Effect of lack of parental involvement in children’s academic performance
Studies show that parents who show high level of interest have children with high performance in school tests while those parents who give little or no attention at all perform poorly. After adolescence, children whose parents showed little interest in their studies when they were young, get very low grades and chances of improving are slim (Douglas 1964). Lack of interest by parents makes children think education is after all not important hence they never put any effort to succeed. In most cases children concentrate on computer games hence finish school with a lot of technical skills on how to use a computer but with zero basic knowledge on writing and reading and other basic knowledge needed in life (Smith 2002, p. 1).
Research Design and Methodology
This chapter discusses data collection procedures that will be used in the study. This includes the researcher design, data collection instruments, reliability and validity of research instruments and finally the data analysis method to be used.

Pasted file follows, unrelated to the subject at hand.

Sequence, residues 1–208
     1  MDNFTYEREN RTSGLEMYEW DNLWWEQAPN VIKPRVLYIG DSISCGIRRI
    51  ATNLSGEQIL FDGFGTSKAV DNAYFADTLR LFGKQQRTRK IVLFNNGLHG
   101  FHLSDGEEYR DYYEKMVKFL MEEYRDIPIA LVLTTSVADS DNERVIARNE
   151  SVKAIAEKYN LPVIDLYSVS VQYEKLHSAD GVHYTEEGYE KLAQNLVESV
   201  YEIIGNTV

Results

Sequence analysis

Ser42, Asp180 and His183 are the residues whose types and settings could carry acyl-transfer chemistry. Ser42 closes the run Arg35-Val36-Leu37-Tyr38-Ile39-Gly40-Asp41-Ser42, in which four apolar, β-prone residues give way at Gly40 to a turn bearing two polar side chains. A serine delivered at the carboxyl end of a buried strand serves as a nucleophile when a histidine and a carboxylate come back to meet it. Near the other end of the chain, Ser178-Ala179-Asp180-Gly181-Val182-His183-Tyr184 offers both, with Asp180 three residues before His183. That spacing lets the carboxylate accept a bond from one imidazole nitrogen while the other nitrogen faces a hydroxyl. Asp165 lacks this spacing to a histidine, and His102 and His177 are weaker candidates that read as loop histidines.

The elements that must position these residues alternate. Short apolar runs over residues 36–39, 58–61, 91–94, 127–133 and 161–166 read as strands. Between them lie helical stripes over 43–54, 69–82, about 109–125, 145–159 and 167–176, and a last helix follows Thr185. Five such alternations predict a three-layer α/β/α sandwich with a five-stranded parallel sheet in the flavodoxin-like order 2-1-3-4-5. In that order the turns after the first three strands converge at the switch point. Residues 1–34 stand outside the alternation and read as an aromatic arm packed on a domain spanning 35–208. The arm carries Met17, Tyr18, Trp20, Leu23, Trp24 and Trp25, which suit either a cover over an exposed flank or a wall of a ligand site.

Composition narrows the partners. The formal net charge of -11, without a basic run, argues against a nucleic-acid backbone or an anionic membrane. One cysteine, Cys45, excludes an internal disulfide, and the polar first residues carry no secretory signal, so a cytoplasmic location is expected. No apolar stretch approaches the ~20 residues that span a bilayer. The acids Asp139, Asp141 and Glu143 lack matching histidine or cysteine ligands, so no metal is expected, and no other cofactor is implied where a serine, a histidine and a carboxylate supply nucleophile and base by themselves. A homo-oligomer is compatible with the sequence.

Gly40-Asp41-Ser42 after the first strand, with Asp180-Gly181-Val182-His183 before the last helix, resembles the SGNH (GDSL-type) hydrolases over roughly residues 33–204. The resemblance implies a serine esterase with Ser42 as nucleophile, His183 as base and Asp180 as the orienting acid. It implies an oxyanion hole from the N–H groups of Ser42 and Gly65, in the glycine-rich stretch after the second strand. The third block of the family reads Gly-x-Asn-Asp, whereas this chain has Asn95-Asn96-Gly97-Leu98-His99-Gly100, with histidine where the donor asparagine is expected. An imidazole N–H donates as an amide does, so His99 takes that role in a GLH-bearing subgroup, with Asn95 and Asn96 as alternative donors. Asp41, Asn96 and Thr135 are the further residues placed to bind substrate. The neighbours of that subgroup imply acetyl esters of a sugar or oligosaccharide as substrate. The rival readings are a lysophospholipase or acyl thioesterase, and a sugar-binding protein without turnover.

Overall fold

This study adopts a survey research design that seeks to conduct a research study without manipulating the research variables. Since the researcher does not have any control over the effect of the independent variable (cost classification) on the dependent variable (management). Such issues are best investigated through survey design because it enables the researcher to collect data rapidly and understand population from a part of it. The survey research design generally entails investigating populations by selecting samples to quantitatively and numerically describe some part of the population. For the purposes of this study the survey research design will describe and explain data to be collected. The design however suffers from limited time.